If you were in the NTIF and I did not have the pleasure of meeting you or dancing with you, please feel free to write me or contact Jensen Localization for any question you may have or just to say hello and keep in touch.

Thank you, Cecilia Enbäck, Anne-Marie Colliander Lind and all NTIF participants for such a memorable event that already has a place in the translation landscape.

Happy Jubilee, Hendrika!

We have reached the mid-year at Jensen Localization, and a very special event attracts attention among birthdays, contract renewals and baby announcements. Hendrika, one of our colleagues in our Dutch branch celebrated her 12.5 anniversary at Jensen Localization this month!

Hendrika was one of the first persons to be hired at Jensen Localization Benelux 12.5  years ago. By that time, we had a small office in De Kleine Raamstraat in the city centre of Groningen but nothing compared to the modern offices we currently have in Zernike Science Park. Hendrika was initially hired as a project manager and soon moved on to become the Assistant General Manager. During all this time she has performed all her tasks with exceptional professionalism. She has grown professionally with us, and our company has grown thanks to her job and the team she managed to build and train.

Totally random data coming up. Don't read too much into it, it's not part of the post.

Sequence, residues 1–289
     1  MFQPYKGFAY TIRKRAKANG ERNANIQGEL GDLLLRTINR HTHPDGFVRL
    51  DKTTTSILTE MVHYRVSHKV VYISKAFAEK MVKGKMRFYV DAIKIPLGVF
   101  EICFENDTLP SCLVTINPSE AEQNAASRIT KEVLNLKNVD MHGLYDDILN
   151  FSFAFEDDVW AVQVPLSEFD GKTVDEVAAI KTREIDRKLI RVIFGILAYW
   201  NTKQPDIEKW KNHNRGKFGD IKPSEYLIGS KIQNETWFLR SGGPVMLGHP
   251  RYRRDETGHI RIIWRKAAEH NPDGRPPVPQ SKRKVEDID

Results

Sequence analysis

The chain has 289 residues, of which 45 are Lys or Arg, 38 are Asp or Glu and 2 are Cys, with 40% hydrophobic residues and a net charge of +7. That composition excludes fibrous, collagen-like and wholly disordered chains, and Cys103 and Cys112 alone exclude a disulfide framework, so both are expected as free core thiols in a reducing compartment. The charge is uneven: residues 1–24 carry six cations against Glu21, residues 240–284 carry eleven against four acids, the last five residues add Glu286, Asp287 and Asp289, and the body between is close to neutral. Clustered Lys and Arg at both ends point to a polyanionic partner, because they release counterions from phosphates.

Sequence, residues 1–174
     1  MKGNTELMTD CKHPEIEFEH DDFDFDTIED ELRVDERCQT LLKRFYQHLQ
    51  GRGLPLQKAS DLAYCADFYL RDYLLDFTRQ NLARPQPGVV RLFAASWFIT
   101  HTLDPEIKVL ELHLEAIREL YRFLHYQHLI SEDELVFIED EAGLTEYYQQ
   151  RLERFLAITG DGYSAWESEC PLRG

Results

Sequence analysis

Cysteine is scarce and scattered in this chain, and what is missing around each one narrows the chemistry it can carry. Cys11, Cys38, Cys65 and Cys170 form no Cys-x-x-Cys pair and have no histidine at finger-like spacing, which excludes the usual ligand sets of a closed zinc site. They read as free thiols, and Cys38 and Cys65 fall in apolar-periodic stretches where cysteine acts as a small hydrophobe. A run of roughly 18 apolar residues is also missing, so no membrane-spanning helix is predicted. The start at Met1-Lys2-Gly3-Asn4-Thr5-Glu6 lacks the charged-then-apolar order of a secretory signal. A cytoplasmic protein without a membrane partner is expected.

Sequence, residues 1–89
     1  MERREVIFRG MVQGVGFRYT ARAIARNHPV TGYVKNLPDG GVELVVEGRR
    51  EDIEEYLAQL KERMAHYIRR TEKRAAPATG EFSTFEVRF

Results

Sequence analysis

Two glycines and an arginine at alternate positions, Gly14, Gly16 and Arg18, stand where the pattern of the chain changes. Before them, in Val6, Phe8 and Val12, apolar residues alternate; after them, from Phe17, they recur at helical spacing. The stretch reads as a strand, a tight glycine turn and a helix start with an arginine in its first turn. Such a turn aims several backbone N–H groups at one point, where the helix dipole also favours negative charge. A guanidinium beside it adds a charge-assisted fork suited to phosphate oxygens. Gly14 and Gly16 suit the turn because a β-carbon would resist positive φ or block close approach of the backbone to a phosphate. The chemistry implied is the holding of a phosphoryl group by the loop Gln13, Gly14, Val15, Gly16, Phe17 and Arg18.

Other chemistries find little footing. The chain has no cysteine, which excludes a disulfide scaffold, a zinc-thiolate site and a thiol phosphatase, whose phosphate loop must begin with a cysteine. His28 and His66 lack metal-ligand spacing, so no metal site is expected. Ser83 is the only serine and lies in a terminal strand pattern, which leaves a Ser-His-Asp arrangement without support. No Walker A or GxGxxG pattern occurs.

In August 2015 she decided to focus on linguistic tasks instead and she is now part of our in-house team of Dutch translators.

We are very happy to have Hendrika with us, and we want to congratulate her on her jubilee. If you would like to learn more about her, you can read a past interview.

Hendrika celebrating her Jubilee at translation company Jensen Localization

Hendrika is celebrating her Jubilee at Jensen Localization this year. Congratulations!

The Expedia Localization Vendor Summit in London

Expedia offices, LondonFor more than two years now, Jensen Localization has been working with Expedia as their provider of Dutch translations.

Although we maintain daily communication with our clients, there are times where a more relaxed atmosphere allows you to go beyond the client-vendor relationship and transform it into a partnership, where you really feel you are part of a team that is working together towards a common goal.

And this is what we have experienced at the Expedia Localization Vendor Summit that we attended from 6th to 8th October 2015. Our PM at Jensen in charge of this account, Isabel Guijarro, and our Language Lead, Jenny Bos-Klok, attended this summit in London, where not only they could meet the people at Expedia with whom they work more often, but also the vendors working on other languages for this company.